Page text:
Sivick v. State Ethics Commission (majority)Annotate this Case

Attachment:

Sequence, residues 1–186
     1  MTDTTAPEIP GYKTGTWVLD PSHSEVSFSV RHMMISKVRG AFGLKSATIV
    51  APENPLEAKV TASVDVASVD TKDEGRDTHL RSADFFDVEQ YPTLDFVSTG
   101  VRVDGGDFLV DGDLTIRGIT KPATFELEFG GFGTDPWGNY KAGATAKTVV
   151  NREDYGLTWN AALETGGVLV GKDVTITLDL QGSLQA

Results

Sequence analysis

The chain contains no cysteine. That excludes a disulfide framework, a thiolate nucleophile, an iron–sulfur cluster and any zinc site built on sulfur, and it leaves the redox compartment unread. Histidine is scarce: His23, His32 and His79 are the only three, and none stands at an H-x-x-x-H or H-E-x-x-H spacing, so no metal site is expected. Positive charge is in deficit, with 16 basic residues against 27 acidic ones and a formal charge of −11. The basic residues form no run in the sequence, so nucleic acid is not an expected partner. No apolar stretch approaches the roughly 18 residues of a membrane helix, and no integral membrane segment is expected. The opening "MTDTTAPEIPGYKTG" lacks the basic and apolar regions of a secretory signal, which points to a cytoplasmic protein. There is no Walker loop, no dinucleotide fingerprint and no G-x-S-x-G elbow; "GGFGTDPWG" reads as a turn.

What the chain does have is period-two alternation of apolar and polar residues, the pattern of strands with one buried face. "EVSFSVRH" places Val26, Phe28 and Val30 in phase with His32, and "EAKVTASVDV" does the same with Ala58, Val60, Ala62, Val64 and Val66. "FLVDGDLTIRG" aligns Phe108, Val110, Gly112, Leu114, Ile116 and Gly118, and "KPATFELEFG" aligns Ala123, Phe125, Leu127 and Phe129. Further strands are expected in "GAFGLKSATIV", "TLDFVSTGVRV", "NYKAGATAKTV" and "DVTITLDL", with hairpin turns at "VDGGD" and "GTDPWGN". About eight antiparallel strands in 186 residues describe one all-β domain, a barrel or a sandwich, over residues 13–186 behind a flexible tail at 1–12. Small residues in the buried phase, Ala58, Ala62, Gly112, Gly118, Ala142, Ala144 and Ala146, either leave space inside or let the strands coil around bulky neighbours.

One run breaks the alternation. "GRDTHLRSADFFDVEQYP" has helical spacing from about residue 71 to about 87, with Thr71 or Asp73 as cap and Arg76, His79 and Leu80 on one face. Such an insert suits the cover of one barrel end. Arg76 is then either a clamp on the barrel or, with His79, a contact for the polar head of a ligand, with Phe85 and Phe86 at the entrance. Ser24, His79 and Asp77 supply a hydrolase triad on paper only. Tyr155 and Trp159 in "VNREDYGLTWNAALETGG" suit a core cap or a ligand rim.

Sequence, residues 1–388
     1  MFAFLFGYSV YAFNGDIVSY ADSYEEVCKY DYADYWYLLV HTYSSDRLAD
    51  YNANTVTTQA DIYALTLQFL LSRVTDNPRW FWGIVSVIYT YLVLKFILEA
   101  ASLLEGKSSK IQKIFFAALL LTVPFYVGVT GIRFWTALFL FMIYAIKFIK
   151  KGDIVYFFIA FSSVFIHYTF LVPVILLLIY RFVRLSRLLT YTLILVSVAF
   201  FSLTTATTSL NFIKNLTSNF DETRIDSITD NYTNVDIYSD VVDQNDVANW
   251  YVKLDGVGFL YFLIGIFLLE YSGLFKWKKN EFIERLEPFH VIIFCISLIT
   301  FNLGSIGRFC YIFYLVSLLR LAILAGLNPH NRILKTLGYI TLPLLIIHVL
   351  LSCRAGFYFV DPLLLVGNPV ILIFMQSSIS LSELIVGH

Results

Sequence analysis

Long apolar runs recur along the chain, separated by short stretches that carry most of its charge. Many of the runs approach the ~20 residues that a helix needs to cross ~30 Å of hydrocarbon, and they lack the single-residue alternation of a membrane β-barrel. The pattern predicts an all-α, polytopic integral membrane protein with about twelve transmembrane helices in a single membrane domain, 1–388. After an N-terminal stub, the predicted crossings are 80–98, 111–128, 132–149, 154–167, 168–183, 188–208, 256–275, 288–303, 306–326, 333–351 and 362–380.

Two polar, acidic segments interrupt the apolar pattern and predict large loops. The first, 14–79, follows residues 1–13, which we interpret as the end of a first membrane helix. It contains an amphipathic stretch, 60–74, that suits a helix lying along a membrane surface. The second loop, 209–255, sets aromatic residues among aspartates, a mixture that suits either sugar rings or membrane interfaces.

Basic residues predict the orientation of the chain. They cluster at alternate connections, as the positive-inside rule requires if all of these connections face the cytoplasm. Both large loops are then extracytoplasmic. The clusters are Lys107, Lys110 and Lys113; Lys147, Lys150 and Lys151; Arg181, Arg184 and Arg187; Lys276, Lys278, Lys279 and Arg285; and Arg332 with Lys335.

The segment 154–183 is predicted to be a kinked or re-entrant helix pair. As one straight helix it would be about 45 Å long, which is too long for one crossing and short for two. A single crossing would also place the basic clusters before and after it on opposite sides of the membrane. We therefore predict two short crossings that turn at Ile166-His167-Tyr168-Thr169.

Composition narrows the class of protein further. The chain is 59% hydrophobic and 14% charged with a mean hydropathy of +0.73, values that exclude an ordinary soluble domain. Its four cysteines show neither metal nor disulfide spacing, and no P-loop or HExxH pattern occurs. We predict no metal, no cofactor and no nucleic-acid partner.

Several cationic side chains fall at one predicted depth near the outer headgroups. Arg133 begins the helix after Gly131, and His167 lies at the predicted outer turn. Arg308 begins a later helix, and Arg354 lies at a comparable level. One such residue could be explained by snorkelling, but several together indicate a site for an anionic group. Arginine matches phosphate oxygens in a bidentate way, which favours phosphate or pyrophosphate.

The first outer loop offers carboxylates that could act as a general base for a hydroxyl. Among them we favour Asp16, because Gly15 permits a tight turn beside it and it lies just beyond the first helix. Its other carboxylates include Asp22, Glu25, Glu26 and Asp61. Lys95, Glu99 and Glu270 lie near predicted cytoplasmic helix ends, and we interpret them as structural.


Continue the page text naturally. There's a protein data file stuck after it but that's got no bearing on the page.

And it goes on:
John Sivick, a Lehman Township Supervisor, wanted his son to have a job, and hoped to arranged a position for his son with the Township. After leaning on his fellow Supervisors, Sivick successfully found work for his son on a Township road crew. Following an ethics complaint and an investigation, the State Ethics Commission found Sivick violated the Public Official and Employee Ethics Act in several respects. As the lone sanction relative to this aspect of the ethics complaint, the Commission imposed $30,000 in restitution. Sivick filed a petition for review of the Commission’s adjudication and restitution order in the Commonwealth Court, challenging, inter alia, the Commission’s adjudication of a conflict of interest violation as well as the legal authority to impose restitution. The Commonwealth Court affirmed the Commission's decision, and Sivick appealed further to the Pennsylvania Supreme Court. After review, the Supreme Court reversed on both points. The Court found the Commission’s adjudication identified three distinct but interrelated actions as violating Subsection 1103(a) without making clear whether each cited basis was sufficient by itself, or whether the violation was based upon aggregating the cited wrongdoing into one course of conduct. "This creates a degree of uncertainty that is only exacerbated by the Commission's imposition of a single sanction. It is exacerbated further still, now, by this Court’s determination that the lone sanction imposed lacked a statutory basis - and was, in a sense, an illegal sentence." The case was remanded for further proceedings, including, in the Commission's discretion, the entry of a new adjudication, and if appropriate, the imposition of any sanction available under the Act.